Conservatives support constitutional copyright
In the words of Ronald Reagan, “there you go again…”
Timothy Lee supported SOPA/PIPA and tried to make that bill that would have killed innovation, been ineffective and counterproductive seem conservative. In his recent Daily Caller piece, he is at it again on behalf of Hollywood.
For generations, Hollywood and the recording industry have gotten their way in Washington so easily and so often, they have forgotten how to engage in reasoned argument. As a case in point, see Tim Lee resorting to mischaracterizing my words, grossly misinterpreting the Federalist papers, and misreading the constitution.
Since Lee referred to my arguments for going back to the Constitution’s parameters for copyright as communitarian, I’m wondering which Founding Father Lee believes was also communitarian? Does Lee believe Phyllis Schafly was acting in a communitarian spirit when she spoke against the copyright extension in 1998, or when she called for limiting the DMCA? The conservative movement has essentially reached a consensus on these positions, is it communitarian too?
A modern conservative movement that claims to be serious about the Constitution and founding principles cannot disregard the one provision of it that addresses copyright and explicitly tells us its purpose.
Copyright law exists for a specific purpose: promoting progress in the sciences and useful arts. How do we know that? The Constitution explicitly tells us so in stark, unequivocal language that is nearly as clear as the minimum age for serving in Congress or how many Senators each state gets. Arguing this point does not make one a communist, it makes one a constitutionalist.
Lee may not take the Constitution seriously, but there are millions of Americans who identify with the Tea Party that do, and the conservative movement ought to as well.
We can disagree about complicated issues of policy without calling each other names; we can have more civilized discourse than a copyright red scare.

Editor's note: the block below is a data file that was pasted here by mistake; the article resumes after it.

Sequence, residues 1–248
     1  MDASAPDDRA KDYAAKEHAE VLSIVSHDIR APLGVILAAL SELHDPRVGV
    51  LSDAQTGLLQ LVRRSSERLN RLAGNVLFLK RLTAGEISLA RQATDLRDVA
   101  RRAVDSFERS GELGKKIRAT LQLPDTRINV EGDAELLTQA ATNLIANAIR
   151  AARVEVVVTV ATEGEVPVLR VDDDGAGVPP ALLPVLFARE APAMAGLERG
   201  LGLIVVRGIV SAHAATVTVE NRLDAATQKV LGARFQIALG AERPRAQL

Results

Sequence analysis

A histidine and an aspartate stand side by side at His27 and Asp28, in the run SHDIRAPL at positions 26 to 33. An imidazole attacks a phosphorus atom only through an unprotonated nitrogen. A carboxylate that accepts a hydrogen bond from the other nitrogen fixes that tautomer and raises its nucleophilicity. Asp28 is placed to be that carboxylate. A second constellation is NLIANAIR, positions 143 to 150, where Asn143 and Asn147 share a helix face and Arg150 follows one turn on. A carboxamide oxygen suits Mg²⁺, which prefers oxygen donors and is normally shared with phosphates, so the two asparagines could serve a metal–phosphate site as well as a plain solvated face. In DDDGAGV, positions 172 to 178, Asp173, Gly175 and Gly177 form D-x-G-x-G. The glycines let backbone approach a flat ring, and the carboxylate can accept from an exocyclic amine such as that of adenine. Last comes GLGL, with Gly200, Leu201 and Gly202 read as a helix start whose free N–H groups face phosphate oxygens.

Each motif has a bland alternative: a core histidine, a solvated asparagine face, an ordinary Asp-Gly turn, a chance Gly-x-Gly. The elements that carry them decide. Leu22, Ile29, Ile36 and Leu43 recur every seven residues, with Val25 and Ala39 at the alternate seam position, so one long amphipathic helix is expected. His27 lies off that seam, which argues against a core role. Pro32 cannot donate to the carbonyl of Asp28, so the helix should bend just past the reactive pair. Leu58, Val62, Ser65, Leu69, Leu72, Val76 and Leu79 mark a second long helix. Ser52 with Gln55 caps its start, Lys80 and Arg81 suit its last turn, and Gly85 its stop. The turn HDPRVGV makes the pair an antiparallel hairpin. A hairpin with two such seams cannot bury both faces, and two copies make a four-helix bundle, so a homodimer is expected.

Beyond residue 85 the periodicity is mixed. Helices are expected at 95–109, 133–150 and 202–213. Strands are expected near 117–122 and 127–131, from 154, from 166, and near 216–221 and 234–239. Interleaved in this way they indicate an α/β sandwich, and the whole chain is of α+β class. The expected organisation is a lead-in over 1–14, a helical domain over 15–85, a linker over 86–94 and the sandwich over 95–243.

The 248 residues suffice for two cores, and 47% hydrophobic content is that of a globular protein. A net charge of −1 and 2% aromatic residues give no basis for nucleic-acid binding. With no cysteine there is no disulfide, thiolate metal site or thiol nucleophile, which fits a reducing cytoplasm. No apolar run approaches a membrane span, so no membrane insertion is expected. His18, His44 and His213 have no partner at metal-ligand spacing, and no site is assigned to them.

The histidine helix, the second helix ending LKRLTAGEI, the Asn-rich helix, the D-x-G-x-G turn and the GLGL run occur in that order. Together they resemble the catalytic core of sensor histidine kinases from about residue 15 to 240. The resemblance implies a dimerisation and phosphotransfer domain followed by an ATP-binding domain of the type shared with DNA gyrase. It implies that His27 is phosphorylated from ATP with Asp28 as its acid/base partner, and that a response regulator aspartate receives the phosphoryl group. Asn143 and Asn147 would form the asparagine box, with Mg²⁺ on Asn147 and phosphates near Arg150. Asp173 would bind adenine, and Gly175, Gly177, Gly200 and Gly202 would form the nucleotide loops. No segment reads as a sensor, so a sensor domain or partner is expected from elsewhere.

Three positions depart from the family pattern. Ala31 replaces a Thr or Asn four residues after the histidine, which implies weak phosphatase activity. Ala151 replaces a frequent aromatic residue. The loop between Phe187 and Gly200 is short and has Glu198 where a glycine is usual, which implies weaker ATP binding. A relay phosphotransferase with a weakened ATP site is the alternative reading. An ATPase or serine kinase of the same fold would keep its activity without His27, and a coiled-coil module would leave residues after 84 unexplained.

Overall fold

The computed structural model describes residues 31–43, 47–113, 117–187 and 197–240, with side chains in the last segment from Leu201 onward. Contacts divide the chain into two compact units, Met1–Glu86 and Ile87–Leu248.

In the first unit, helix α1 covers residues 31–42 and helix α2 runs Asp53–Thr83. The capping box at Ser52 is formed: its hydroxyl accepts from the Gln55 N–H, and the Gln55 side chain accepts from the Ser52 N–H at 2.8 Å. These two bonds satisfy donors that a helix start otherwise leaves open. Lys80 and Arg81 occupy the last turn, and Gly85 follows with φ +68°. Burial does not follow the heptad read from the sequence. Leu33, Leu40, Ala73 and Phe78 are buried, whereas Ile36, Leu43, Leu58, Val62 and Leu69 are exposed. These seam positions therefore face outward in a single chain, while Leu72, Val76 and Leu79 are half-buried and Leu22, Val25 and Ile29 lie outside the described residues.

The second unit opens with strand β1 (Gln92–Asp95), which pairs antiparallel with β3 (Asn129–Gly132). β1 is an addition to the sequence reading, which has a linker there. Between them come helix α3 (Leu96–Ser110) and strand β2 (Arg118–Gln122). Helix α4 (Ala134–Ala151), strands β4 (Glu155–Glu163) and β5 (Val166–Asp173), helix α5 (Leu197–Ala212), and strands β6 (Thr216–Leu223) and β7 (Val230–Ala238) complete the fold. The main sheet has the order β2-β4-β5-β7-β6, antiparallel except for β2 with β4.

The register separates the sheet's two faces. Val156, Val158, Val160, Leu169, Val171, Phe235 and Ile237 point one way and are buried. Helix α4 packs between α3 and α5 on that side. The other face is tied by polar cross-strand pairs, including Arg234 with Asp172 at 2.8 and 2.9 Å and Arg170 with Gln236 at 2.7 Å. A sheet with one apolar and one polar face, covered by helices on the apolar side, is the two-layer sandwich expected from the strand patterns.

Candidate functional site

These are discussions we should have, because, Lee’s assertions of current policy being perfect aside, 7 million Americans being potential felons for unlocking and jail-breaking their phones is evidence of a system having serious collateral damage. No one has ever been able to explain what unlocking and jail-breaking have to do with copyright and the Constitution. There is no real connection; at best it is a result of sloppy law-making, at worst, it’s a malicious attempt by progressives to destroy competition and innovation.
A world where Paul Graham, founder of Y Combinator, advises innovators to avoid anything involving content because it is so legally fraught is evidence of a system having serious collateral damage. “the record labels,” he said, “are effectively a rogue state with nuclear weapons. There is nothing we or anyone else can do to protect you from them, except warn you not to start startups that touch label music.”
Conservatives support constitutional copyright.
Constitutional copyright does not tell innovators not to develop a start-up that deals with content, movies, music or books.
Constitutional copyright does not try to ban the VCR, the first iPod, and first DVR – which is what the content industry did in the name of copyright.
Constitutional copyright tries to compensate content holders, for a limited period of time, to give them the incentive to create movies, books and music – which seems a like a good deal for everyone when it’s not hijacked by special interests.